In a context where low-carbon and environmental protection have become the global goal, China has also put forward the goal of striving to achieve “peak carbon” in 2030 and the “carbon neutrality” in 2060.
To achieve this goal, companies in energy-intensive industries have turned to green energy as an alternative to traditional energy sources like oil and carbon; companies have started tracking the carbon footprint of their products throughout the life cycle of each product to identify certain procedures during commercial operation where steps can be taken to reduce the carbon produced; Companies also paid attention to the preparation of their ESG (Environment, Society and Governance) report at the end of the year, which demonstrates the company’s achievements over the past year in aspects including, but not limited to it, the fact of being more “green”.
As one of the main ways to incentivize carbon reduction, the Chinese government has been working to set up pilot regional carbon trading systems (ETS) in 8 different cities of China, which has attracted considerable interest from many industry players, financial institutions, and trading houses, etc.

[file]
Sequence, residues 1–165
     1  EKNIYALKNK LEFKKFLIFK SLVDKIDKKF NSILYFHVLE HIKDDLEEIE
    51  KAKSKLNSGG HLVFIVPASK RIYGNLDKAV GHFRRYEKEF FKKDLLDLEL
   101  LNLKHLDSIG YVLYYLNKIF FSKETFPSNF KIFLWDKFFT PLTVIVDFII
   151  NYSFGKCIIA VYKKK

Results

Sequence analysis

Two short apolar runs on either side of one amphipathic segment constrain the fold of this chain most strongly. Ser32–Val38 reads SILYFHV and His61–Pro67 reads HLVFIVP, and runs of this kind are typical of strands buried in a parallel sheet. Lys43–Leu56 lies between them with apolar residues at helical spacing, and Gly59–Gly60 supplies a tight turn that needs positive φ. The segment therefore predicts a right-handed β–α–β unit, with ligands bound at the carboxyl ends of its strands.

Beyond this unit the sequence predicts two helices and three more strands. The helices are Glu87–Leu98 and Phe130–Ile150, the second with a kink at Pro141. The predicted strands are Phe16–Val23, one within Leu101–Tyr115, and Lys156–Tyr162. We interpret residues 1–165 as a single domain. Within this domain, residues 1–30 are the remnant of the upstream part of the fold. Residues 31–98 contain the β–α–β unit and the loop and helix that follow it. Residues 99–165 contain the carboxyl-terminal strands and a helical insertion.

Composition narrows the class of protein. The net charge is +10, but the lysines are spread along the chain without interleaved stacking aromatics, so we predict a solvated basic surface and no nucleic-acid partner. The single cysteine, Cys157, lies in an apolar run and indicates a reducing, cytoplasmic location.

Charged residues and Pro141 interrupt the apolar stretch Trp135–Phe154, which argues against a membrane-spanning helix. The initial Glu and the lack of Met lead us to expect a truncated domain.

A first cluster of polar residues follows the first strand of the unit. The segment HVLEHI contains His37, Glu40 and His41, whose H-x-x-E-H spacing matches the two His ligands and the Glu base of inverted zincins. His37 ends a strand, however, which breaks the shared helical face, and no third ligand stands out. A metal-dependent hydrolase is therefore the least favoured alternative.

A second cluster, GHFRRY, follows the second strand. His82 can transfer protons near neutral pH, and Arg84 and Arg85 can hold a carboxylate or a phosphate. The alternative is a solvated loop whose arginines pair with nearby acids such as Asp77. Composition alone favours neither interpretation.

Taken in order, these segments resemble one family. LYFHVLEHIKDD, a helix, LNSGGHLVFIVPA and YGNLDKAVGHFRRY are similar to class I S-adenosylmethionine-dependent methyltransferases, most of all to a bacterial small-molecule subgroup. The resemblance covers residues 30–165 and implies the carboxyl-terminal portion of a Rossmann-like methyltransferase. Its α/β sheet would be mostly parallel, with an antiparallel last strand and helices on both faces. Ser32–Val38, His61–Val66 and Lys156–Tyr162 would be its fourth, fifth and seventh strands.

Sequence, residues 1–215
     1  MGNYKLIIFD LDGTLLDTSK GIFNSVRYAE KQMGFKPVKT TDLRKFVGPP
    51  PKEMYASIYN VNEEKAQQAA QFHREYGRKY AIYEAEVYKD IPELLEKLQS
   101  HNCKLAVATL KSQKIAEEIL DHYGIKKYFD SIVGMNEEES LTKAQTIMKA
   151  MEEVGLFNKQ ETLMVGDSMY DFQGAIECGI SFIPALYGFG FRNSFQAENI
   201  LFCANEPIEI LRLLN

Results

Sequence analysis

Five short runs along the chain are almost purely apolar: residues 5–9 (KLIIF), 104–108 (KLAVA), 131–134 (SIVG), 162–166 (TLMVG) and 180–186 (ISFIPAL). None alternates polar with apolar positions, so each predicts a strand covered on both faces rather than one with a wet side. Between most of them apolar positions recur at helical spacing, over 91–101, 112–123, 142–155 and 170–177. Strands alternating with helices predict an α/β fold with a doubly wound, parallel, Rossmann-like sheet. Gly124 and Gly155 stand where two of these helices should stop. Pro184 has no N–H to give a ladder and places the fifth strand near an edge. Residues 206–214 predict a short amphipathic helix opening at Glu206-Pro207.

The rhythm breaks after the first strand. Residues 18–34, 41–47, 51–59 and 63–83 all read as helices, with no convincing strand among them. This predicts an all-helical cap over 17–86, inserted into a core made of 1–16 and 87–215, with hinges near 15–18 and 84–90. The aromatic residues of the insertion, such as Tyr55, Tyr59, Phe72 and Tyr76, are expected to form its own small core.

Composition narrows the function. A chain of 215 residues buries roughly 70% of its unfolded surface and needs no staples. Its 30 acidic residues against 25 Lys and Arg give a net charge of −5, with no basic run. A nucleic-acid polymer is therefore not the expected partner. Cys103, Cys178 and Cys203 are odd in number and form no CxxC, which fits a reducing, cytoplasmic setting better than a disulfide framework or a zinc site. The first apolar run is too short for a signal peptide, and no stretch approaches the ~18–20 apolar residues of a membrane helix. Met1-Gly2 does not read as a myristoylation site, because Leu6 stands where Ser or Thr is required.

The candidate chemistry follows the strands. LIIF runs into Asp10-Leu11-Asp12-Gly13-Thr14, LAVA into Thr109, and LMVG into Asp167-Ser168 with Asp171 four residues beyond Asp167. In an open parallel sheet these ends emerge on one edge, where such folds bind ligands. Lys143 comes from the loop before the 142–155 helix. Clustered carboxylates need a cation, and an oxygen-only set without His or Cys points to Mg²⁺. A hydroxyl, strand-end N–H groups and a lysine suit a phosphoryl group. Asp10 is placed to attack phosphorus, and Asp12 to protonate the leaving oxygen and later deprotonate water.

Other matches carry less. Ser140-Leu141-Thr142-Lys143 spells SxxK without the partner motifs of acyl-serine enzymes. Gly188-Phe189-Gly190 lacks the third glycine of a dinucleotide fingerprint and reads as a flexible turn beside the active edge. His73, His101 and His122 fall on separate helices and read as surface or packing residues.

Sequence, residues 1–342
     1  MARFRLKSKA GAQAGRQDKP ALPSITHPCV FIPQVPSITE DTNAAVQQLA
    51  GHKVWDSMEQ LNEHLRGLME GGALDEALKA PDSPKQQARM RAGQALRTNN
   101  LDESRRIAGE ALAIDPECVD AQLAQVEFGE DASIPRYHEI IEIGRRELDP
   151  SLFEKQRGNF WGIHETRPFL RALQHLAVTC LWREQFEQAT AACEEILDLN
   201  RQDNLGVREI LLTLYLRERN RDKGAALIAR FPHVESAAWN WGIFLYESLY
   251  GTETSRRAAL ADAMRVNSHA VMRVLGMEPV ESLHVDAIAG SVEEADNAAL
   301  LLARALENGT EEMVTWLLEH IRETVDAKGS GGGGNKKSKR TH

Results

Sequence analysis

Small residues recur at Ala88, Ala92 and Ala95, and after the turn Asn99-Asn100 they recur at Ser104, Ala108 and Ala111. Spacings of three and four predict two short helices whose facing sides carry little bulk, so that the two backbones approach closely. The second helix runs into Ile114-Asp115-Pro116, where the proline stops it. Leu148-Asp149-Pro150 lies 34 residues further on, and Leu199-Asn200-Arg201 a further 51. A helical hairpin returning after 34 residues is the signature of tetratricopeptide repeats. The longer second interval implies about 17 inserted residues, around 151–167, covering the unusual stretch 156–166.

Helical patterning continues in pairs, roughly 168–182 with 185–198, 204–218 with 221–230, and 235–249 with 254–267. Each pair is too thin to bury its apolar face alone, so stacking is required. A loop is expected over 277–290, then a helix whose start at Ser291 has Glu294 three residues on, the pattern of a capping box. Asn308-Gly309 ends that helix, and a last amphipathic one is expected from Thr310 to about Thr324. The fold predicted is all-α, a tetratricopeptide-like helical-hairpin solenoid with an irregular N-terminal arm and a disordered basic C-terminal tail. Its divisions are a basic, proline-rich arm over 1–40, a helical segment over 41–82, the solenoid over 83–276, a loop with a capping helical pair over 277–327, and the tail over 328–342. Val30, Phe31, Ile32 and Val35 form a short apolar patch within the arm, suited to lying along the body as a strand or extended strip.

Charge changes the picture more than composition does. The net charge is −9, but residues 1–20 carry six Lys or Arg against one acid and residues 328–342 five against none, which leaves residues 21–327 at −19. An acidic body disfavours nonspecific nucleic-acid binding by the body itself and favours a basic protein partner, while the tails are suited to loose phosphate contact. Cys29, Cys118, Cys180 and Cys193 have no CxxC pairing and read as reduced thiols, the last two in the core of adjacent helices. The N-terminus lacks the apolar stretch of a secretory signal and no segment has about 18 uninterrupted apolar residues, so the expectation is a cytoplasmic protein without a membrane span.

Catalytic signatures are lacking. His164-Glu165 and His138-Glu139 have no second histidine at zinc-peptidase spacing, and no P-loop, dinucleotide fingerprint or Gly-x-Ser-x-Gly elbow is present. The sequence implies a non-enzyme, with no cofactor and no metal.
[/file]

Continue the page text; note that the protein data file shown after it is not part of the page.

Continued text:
In 2021, alongside the launch of the national ETS on July 16, a dual-layer regional/national ETS has been successfully implemented. People believe that there is huge market potential behind China ETS and carbon finance products.
Revolving around the carbon emission right, a variety of financial products present themselves. The Chinese government is also adopting an encouraging attitude towards these carbon financial products. For example, green lending is used to reduce financing costs and help reduce carbon emissions; green bonds create incentives to invite capital to enter the carbon market; carbon funds can absorb the capital of the whole society; carbon insurance is used to cover certain potential risks that any participant in the ETS PRC may face; and the carbon swap is a useful measure to lock in the price of capital, etc.
At present, carbon financial products still present some uncertainties about the benefits they can bring and the potential risks they present. Most of the carbon finance products listed above are still in the testing and exploration phase. The picture could be much clearer as the PRC ETS and relevant financial products develop.
This handbook (1) provides a comprehensive overview of the practical interpretation of carbon emission trading, carbon products (such as mainly carbon emission allowances and certified Chinese emission reduction) and the carbon finance including but not limited to green loans, carbon mortgage/pledge, carbon funds, carbon insurance, carbon futures, carbon futures from a legal perspective and (2) also complements some case examples to help elaborate on the main possible legal issues in carbon-related projects and how to address them.